Brown rice for breastfeeding
You probably already know that brown rice is superior over white rice when it comes to nutrients. It’s higher in a myriad of nutrients, including fiber, magnesium and antioxidants, which can help boost your digestion and lower the amount of inflammation in your body, thereby reducing your risk of certain diseases, per research published in the International Journal of Preventative Medicine.
On the nursing front, Chatterjee points out that brown rice helps the body release the gamma aminobutyric acid gaba (GABA), a nutrient that helps release serotonin into your body, creating the warm and fuzzy feeling in your brain that improves your mood. “Serotonin increases the release of prolactin, the hormone that increases milk volume and production,” she adds.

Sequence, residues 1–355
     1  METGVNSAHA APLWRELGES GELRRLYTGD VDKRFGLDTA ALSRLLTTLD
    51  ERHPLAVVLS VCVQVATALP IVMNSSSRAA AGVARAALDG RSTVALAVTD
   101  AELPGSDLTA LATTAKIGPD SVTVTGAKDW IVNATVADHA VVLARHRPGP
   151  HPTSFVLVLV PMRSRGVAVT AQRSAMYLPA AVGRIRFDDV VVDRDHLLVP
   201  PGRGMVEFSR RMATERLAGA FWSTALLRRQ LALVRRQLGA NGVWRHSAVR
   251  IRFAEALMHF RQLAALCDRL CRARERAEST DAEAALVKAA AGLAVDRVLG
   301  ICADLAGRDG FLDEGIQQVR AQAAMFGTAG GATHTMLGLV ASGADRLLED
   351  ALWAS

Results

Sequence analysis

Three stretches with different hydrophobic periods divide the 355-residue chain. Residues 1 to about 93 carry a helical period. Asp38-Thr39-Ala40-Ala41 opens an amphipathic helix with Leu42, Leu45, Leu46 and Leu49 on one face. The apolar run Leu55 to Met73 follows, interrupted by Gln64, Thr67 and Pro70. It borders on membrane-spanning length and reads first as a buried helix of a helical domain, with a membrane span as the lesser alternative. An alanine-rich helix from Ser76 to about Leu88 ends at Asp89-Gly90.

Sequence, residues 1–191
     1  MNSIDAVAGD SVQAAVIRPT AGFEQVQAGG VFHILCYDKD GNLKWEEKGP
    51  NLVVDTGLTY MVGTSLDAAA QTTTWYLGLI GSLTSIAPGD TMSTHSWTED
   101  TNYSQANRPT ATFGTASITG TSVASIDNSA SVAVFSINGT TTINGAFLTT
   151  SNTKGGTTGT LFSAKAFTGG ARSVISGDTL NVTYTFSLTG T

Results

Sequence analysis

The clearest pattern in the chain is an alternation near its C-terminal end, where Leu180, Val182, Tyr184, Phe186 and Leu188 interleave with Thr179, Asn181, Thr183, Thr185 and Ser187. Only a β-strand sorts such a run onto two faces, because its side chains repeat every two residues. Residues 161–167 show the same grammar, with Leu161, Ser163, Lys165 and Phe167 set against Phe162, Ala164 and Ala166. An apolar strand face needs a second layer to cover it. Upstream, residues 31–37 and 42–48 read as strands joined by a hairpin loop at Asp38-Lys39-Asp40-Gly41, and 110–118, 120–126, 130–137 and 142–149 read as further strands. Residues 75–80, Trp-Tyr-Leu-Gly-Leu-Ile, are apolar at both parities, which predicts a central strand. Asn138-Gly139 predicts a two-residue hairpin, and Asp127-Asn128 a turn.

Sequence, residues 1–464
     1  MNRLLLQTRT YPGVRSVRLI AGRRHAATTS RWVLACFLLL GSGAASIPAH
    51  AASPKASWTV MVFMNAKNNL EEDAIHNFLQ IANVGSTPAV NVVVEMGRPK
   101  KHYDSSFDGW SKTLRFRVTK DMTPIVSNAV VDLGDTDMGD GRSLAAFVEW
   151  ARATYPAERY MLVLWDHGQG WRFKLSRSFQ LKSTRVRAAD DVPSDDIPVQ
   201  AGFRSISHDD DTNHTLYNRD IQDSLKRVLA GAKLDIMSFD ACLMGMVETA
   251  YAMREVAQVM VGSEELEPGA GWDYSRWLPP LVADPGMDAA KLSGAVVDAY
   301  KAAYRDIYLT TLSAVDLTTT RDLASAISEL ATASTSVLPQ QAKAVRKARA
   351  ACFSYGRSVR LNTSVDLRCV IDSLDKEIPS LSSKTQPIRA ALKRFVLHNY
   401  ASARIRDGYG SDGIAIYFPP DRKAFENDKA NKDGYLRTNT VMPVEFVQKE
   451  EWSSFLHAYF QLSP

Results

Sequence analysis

Is lean beef good for breastfeeding?
Rich in iron, lean beef is an excellent protein source to add to your repertoire while you’re breastfeeding. As you probably already know, nursing can be exhausting—and there’s good reason for this (aside from your sleep deprivation). In addition to all of those calories you’re burning, breastfeeding releases the hormone oxytocin, which can give you that relaxed, sleepy feel, notes Chatterjee. Ground beef can help up your iron intake, which, in turn, gives you more energy. Consider having a taco night or making a big batch of chili to have throughout the week.
Fennel for breastfeeding